A research team from University of Warwick lead by Dr. Ross Hatton and Professor Richard Walton explained how solar cells could be produced which are more adaptable and simpler to produce than their current counterparts. Researchers note that solar cells made with tin could lead to a more widespread use of solar power, with potential uses in products such as laptop computers, mobile phones and cars.
Lead perovskites are evolving as an efficient way to convert sunlight directly into electricity. However, the use of lead in such solar cells is a serious barrier to commercialization due to its well-known toxicity.
Dr. Hatton and colleagues showed that tin used in perovskites instead of lead are much more stable and so could prove to be a viable alternative to lead perovskites for solar cells. According to the researchers the lead-free cells could render solar power cheaper, safer and more commercially attractive – leading to it becoming a more prevalent source of energy in everyday life. The research team also showed how device structure can be simplified without compromising performance, which offers the important advantage of reduced fabrication cost.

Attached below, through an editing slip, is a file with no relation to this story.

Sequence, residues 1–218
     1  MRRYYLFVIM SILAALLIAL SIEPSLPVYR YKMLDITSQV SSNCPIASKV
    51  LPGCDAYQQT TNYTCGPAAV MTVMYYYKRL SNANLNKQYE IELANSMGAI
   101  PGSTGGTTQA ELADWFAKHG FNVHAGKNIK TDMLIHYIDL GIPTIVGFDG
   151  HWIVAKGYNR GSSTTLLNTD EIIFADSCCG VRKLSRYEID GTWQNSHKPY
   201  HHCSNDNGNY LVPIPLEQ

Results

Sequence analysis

Dr. Hatton said “It is hoped that this work will help to stimulate an intensive international research effort into lead-free perovskite solar cells, like that which has resulted in the astonishingly rapid advancement of lead perovskite solar cells.” He added “There is now an urgent need to tackle the threat of climate change resulting from humanity’s over reliance on fossil fuel, and the rapid development of new solar technologies must be part of the plan.”
Perovskite solar cells are lightweight and compatible with flexible substrates, so could be applied more widely than the rigid flat plate silicon solar cells that currently dominate the photovoltaics market, particularly in consumer electronics and transportation applications.